Mortgage rates rose in September while prices remain high, and sales contracted.
Crude oil rose, pushing the average price of gasoline above $4.
Stocks fell for the second consecutive month following five straight months of gains.
Interest rates continue to rise, particularly at the long end of the curve.
US New Single-Family Home Sales contracted 8.7% in August, following a July in which new home sales grew by 8.0%. US Existing Home Sales sank for the third consecutive month, down 0.7%, and 17th out of the last nineteen. The Median Sales Price of Existing Homes inched 0.3% higher to $407,100, staying above $400,000 for the third straight month. Mortgage rates pushed higher in September; 15-year and 30-year Mortgage Rates ended the month at 6.72% and 7.31%, respectively.
West Texas Intermediate (WTI) crude oil briefly reached $90 per barrel in September, ending the month at $89.68, an increase of 7.3%. Brent rose 7.7% in September to $94.01 per barrel. As a result, the average price of regular gas also eclipsed $4.00 per gallon in mid-September, settling at $3.96 as of September 25th. While both crude oil and gasoline are near their highest levels over the past 12 months, they remain below the recent highs in early-/mid-2022 following the onset of the war in Ukraine.
Stocks and Bonds
Stocks continued to decline in September as the Dow Jones Industrial Average fell 3.4%, the S&P 500 slipped 4.8%, and the NASDAQ ended 5.8% lower. Around the world, Emerging Markets were down 2.6%, and EAFE sank 3.4%. September’s declines dragged equities into the red for Q3. The Dow posted a 2.1% decline in Q3, the S&P 500 ended the quarter down 3.3%, and the NASDAQ 3.9% finished lower. However, year-to-date all the major equity markets remained in positive territory.
For the second straight month, Energy was the only US stock sector to post a positive return. Every other sector declined for the month with Real Estate and Technology stocks falling the most. For the YTD period five of the eleven sectors remain in positive territory: Communication Services, Technology, Consumer Discretionary, Industrials and Materials.
Yields on longer-term treasuries increased in September as T-Bills ended the month broadly unchanged. At the longer end of the yield curve the 10-year increased by 0.50% and ended the month at a 16 year high. Fixed income returns were negative across the board for the month and are flat to down YTD with the exception of very short-term instruments that do not have as much sensitivity to changes in interest rates.
The quote, “It’s tough to make predictions, especially about the future” has been attributed to both Mark Twain and Yogi Berra. Regardless of who originally said it, the point remains the same. Predicting the future is challenging and requires a great deal of humility. Throughout history there have been several notable predictions that turned out to be incredibly wrong, if not just silly, in hindsight:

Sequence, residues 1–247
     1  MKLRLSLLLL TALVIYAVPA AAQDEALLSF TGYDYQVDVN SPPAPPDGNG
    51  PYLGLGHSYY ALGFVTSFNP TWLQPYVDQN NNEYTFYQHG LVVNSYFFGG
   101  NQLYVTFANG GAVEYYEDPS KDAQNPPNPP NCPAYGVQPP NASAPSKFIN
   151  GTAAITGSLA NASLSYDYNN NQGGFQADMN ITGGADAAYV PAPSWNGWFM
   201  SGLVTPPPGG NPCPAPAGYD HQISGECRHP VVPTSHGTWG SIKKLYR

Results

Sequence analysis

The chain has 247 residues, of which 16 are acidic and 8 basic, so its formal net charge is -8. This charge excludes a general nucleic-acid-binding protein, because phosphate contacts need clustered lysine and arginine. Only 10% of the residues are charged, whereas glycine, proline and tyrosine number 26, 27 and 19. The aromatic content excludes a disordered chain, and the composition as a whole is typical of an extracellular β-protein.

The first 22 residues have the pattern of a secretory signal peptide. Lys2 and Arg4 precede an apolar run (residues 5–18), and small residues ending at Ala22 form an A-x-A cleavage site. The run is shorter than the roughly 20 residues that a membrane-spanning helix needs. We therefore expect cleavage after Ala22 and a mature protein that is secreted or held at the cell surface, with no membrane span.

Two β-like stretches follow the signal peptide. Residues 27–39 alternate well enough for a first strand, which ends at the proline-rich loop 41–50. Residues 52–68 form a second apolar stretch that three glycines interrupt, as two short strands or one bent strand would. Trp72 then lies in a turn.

- The Y2K Bug: Leading up to the year 2000, there were widespread fears that the computer systems representing years with only two digits would lead to widespread computer failures and chaos when the clock struck midnight. While there were a few glitches, the doomsday scenarios did not materialize on the scale that many had predicted.
- Thomas Watson’s Prediction: Thomas Watson was the chairman of IBM. (He is also the namesake for IBM’s AI supercomputer.) In 1943 he allegedly predicted that there was a “world market for maybe five computers.” He obviously underestimated by a significant margin.
- Decca Records Rejecting the Beatles: In 1962, Decca Records rejected the Beatles, stating, “We don’t like their sound, and guitar music is on the way out.” The Beatles went on to sell an estimated 600 million albums worldwide, making them one of the best-selling and most influential bands in history.
- End of the World Predictions: Throughout history there have been numerous predictions about the end of the world: The Mayan Apocalypse predicted the world would end on December 21, 2012; William Miller, a Baptist preacher, predicted that the world would end in 1844; and another radio broadcaster predicted the end would be on May 21, 2011. When that day came and went, he revised his prediction to October 21, 2011, yet here we sit over two decades later.
How does any of this relate to a monthly update of the markets and the economy? At the Federal Reserve’s September meeting they held rates unchanged, but signaled that further work needs to be done to accomplish the mission of reducing inflation. As is typical, they also released their projections for interest rates at the end of 2024 and 2025, both of which are higher than what they were projecting at the end of the last meeting in June.
One may ask how well the Fed has been at predicting where the economy and interest rates are headed. As it turns out their projections haven’t been terribly accurate. If we rewind the clock by two years to the September 2021 FOMC meeting, we see that the Fed was predicting short-term rates would end 2023 at 1.0% and 2024 at 1.8%.
The Federal Reserve Board employs “just over 400 Ph.D. economists,” according to their website. They have access to the latest economic information and the most sophisticated forecasting models. Yet, even with all that brainpower they were unable to predict that inflation would peak at nearly 10% and interest rates would still be north of 5%, not at 1%.
Today the Fed wants to keep rates high to bring inflation down to their stated goal of 2%, but if the economy stumbles, which it is eventually likely to do, or if there is an external shock, the most likely outcome will be a change in the Fed’s forecasts. To quote Warren Buffett, “Forecasts may tell you a great deal about the forecaster; they tell you nothing about the future.”
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